Second Wave Of Feminism - Public Vs. Private - Personal Politics



The phrase "the personal is political" was popularized by second-wave feminism. The rallying cry's message was that women had suffered in secret as individuals but would no longer do so. 

  • The term 'personal' refers to both what one goes through as a female body and what one goes through as a woman in the home and at work. 
  • Menstruation, pregnancy, delivery, housekeeping, rape, domestic violence, sexual harassment, and a slew of other issues were pushed to the forefront of public debate. 
  • Feminists broadened our awareness of oppression by politicizing issues that had previously been kept quiet. 
  • Women's bodies and homes, not only their social and political lives, have been identified as oppression sites. 
  • Feminists deconstruct the often accepted difference between a public and a private existence in this manner. 

The duality of the public and private, when used to represent the difference between the home realm and civil society, relegates women to the private sphere and sends males out into the public. In this instance, the private connotes a sense of belonging to a family. 

  • The public sphere encompasses anything that isn't private, such as politics, the military, work, and everything else that isn't part of home life. 
  • Because the spheres are mutually exclusive, it's possible that each one is controlled by a distinct set of principles. 
  • Second-wave feminism emphasizes that the problem is that women are generally excluded from the public arena, where life-altering choices are made. 
  • This keeps problems like spousal and child abuse out of the public eye; the ‘sanctity of the home' shields actors from unwanted interference, but it also shields them from private damages in the home. 
  • Alternatives proposed by feminists include validating the home sphere as worthy of public attention or denying the existence of a rigid public-private divide.

 

Some advocate bringing public values into the private sphere, while others advocate the opposite. 

  • The distinction between public and private is frequently used to categorize different kinds of activity into production and reproduction. 
  • Activity that generates surplus value for the state is referred to as productive activity (the public sphere). 

Reproductive activity produces use-value, or value that may be consumed right away in the household. 

Childbearing and raising, as well as household work and caring for aging parents, are all part of reproduction.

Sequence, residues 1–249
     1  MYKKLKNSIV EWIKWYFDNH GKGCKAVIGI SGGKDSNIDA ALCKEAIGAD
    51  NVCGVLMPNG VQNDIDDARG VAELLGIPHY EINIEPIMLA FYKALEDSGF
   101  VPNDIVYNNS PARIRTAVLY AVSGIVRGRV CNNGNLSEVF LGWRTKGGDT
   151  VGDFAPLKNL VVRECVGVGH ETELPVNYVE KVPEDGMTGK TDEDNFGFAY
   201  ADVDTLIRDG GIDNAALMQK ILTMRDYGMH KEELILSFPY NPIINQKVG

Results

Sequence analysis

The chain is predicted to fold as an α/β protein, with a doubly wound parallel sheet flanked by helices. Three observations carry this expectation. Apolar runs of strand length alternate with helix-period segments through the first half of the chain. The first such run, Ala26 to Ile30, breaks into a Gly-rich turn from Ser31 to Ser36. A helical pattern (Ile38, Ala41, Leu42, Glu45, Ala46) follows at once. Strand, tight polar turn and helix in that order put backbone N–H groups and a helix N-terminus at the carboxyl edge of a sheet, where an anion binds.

• Women's reproductive work is not recognized inside the capitalist system, according to Marxist and socialist feminists. 
  • They are looking for methods to make the personal political by bringing reproduction into the domain of productive work or by assigning a productive value to reproduction, or by completely erasing the difference between production and reproduction. 
  • In addition to the sex/gender dichotomies (masculine/feminine, male/female, man/woman), the public/private divide, and the production/reproduction divide, second wave feminist social theory examined additional dichotomies to determine whether or how they may contribute to women's oppression. 

Dichotomies divide thinking into two groups that are mutually exclusive. 

The issue is that the two groups seldom function on an equal footing; one is seen as inferior or undesirable, while the other is regarded as superior and valuable. 

Furthermore, many feminists have pointed out the negative consequences of dichotomous thinking on women. 


Women are often linked with the subservient, lesser side of the duality. 

  • The culture/nature divide is a perfect example of this. 
  • Man produces culture via reason and artifice, while woman is linked with nature since her main function is to give birth.
  • This contradiction must be broken down through feminist philosophy. It does it in a variety of (and sometimes conflicting) ways. 
  • Showing the various ways women contribute to culture is one approach to combat the divide. 


Another argument is that delivery isn't only or even mainly a "natural" process. 

Other perspectives dispute that there is such a clear distinction between culture and nature, or argue that man-made culture isn't worth praising. 

Ecofeminism is perhaps the greatest long-standing challenge to the dichotomy. Ecofeminism and kindred environmental groups reassert the importance of nature in Western thinking.


~ Jai Krishna Ponnappan

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